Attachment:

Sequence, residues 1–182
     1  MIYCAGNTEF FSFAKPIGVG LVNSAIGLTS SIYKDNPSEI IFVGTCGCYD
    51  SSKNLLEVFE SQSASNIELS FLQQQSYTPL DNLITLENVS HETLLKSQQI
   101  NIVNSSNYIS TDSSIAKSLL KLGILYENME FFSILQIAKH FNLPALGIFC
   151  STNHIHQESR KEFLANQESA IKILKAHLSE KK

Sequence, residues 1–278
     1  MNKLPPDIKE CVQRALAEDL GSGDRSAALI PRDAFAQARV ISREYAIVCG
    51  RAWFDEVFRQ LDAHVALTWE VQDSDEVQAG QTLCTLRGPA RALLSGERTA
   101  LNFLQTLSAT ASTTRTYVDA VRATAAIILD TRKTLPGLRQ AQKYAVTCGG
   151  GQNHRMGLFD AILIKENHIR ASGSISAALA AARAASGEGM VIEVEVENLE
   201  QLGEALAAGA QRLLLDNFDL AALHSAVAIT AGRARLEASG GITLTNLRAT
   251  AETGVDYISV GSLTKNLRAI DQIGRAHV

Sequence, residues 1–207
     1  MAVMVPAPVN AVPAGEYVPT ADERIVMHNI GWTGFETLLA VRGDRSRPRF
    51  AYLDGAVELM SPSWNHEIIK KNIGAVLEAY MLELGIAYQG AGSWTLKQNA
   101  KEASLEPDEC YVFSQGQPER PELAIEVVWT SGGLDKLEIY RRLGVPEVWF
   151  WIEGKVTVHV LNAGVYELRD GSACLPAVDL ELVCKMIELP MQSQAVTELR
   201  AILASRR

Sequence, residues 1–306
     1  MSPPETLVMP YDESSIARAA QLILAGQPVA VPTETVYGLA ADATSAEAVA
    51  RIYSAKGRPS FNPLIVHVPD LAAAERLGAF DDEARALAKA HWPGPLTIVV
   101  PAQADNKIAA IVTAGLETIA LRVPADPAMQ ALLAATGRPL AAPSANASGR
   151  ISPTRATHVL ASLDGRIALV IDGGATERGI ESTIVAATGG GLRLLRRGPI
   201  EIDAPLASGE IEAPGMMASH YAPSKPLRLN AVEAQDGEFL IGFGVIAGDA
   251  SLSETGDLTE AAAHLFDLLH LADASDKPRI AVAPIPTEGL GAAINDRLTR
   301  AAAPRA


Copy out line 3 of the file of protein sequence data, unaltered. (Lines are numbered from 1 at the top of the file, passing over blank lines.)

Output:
    51  SSKNLLEVFE SQSASNIELS FLQQQSYTPL DNLITLENVS HETLLKSQQI